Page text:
The Ultimate Paradox
Nov. 20th, 2011
04:53 am - QOTN
"We've already discussed this, I'm wearing a g-string!"
May. 15th, 2011
The awkward moment when your friend's girlfriend says how attractive you are in front of him. Twice.
Feb. 1st, 2011
01:01 pm - This is my life
Cute. English. Funny. We got on really well. Laughs at all my jokes. Knows all the right songs... Lesbian.
Dec. 4th, 2010
05:53 am - Things I learned tonight
1. It takes a LOT of talcum powder to discolour my hair and is fucking hard to wash out.
2. When I'm 55 and have George Clooney hair, I will still look awesome.
3. Singing to Queens songs ups my BAL by 0.1
4. Murray St strip is nowhere near as good on Fridays, though tonight was particularly dead.
5. Never look a gift kebab in the mouth.
Nov. 23rd, 2010
I'm now 24. End of early 20s and very little to show for it. Another depressing birthday I'll pretend isn't happening.
Jun. 9th, 2010
12:49 am - Haha
Jun. 8th, 2010
"I watched candidates campaigning openly, making signs, bringing in clearly underage supporters from outside their districts (a maneuver made easier by the scarcity of identity cards), and generally displaying a level of electioneering savvy which seemed to indicate that, given the chance, Afghans could "do" democracy at least as well as Floridians had managed in 2000." - Larry Goodson (2003).
Jun. 1st, 2010
May. 3rd, 2010
Tarof (Persian: تعارف ) is a genuine Persian form of civility emphasizing both self-deference and social rank. The term encompasses a range of social behaviours, from a man displaying etiquette by opening the door for another person, to a group of colleagues standing on ceremony in front of a door that can permit the entry of only one at time, earnestly imploring the most senior to break the deadlock.
The prevalence of tarof often gives rise to different styles of negotiation than one would see in a European or North American culture. For example, a worker negotiating a salary might begin with a eulogy of the employer, followed by a lengthy bargaining session consisting entirely of indirect, polite language -- both parties are expected to understand the implied topic of discussion. It is quite common for an Iranian worker (even one employed in an Iranian neighborhood within Europe) to work unpaid for a week or two before the issue of wages is finally broached. Likewise, a shopkeeper may initially refuse to quote a price for an item, suggesting that it is worthless. Tarof obliges the customer to insist on paying, possibly several times, before a shopkeeper finally quotes a price and real negotiation can begin.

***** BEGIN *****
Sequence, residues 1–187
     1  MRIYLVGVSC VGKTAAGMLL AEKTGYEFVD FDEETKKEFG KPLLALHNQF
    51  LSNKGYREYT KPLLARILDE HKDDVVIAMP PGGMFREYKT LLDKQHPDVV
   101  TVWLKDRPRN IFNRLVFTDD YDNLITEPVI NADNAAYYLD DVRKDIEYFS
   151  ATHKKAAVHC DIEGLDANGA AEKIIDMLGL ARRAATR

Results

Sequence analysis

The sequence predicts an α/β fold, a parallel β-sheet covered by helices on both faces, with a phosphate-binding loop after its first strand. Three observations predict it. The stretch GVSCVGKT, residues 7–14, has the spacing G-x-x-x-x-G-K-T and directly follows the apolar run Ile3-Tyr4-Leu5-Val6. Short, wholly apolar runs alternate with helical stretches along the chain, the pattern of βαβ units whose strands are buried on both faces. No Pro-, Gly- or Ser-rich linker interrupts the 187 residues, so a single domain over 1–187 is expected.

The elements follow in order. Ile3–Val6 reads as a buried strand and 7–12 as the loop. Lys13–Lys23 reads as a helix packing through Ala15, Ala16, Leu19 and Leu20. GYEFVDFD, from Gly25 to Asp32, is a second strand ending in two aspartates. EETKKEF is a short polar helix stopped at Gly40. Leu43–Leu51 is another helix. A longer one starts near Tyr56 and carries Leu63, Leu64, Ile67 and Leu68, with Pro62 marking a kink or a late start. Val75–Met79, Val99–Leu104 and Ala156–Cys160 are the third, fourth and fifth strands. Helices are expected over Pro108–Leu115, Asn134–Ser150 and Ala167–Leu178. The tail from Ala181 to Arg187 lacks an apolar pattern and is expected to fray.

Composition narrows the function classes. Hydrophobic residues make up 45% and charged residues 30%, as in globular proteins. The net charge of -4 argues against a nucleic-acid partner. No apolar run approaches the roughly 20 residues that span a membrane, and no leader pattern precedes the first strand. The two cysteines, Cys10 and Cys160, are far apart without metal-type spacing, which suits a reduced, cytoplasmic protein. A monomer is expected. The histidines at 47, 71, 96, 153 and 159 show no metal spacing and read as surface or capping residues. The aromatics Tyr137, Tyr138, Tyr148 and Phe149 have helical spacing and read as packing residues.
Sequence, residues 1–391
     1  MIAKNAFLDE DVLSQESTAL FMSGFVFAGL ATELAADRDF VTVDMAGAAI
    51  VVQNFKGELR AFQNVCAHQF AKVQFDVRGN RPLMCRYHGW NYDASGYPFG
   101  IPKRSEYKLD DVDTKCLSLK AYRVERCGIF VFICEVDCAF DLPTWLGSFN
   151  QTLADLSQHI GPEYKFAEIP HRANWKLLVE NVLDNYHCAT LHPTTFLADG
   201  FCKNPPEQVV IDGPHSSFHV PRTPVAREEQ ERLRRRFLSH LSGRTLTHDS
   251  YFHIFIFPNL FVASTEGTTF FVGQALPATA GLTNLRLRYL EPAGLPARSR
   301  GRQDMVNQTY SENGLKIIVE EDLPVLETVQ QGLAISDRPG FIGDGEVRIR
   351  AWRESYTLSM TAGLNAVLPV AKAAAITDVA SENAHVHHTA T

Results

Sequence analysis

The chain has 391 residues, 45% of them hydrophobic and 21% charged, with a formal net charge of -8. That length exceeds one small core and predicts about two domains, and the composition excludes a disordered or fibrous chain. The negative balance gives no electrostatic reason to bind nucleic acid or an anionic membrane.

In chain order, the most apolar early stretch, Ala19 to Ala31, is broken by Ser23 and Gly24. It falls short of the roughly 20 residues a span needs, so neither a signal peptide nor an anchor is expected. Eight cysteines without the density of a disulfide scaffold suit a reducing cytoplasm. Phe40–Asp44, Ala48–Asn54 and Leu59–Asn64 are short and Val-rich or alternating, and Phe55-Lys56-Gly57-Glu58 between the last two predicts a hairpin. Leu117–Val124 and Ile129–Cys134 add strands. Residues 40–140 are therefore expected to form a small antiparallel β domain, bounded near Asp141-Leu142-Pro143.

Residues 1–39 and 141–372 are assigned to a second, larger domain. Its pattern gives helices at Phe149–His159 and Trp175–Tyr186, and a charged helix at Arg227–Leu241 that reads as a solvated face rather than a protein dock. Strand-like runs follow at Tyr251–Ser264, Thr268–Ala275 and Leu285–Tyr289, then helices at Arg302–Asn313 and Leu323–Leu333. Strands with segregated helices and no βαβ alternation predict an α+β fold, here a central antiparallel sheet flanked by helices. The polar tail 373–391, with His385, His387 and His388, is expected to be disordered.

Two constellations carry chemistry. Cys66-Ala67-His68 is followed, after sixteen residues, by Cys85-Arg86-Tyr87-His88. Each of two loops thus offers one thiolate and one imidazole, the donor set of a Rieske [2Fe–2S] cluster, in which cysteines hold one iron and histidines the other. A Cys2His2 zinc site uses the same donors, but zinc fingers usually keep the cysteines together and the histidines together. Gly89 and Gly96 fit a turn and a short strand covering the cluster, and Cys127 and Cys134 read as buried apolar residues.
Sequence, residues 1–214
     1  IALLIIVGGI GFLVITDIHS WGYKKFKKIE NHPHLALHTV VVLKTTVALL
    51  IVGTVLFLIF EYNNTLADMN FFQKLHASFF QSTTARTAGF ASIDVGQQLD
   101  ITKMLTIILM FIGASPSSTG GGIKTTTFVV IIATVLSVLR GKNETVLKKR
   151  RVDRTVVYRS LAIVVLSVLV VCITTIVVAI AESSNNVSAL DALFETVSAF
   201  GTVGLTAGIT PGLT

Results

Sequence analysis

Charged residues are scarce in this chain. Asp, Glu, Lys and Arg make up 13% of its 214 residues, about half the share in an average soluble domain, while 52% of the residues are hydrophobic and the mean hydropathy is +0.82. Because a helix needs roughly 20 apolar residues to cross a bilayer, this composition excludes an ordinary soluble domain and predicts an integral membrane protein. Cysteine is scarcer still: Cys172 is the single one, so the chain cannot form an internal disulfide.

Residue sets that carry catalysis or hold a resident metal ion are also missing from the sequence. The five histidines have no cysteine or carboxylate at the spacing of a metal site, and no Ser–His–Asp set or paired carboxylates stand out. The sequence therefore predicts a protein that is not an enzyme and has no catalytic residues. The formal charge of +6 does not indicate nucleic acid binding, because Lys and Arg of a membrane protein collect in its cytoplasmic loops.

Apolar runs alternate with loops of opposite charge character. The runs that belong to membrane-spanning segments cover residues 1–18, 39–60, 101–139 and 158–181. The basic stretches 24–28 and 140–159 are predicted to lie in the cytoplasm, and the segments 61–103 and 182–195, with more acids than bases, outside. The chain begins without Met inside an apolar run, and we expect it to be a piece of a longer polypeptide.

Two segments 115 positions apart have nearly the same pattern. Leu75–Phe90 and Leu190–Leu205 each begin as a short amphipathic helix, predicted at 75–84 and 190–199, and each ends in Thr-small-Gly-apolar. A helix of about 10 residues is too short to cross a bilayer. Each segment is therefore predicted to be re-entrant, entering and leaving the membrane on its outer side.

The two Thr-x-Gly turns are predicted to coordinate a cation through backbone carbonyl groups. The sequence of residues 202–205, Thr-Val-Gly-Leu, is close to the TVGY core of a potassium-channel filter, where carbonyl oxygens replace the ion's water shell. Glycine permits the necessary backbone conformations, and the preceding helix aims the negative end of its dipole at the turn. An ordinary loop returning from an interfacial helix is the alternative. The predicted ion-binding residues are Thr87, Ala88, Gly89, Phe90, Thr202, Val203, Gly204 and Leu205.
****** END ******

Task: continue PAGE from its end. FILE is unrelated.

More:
Tarof also governs the rules of hospitality: a host is obliged to offer anything a guest might want, and a guest is equally obliged to refuse it. This ritual may repeat itself several times before the host and guest finally determine whether the host's offer and the guest's refusal are real or simply polite. It is possible to ask someone not to tarof (tarof näkonid), but that raises new difficulties, since the request itself might be a devious type of tarof. The best approach to handle Tarof is to be politely direct. Accept or reject as soon as you wish to, and be sure that Iranians will not be offended. Even though Tarof is purely about the art of civility, your engagement in Tarof might enter you into a vicious cycle of hypocrisy that may ruin your entire stay.
Apr. 9th, 2010
Powderfinger announced they will be disbanding today. This makes me very sad because they were one of the first bands I really listened to in high school and one of my favourites (until that awful most recent and I guess last ever album). Now I have to shell out god knows how much money to see their final tour :(
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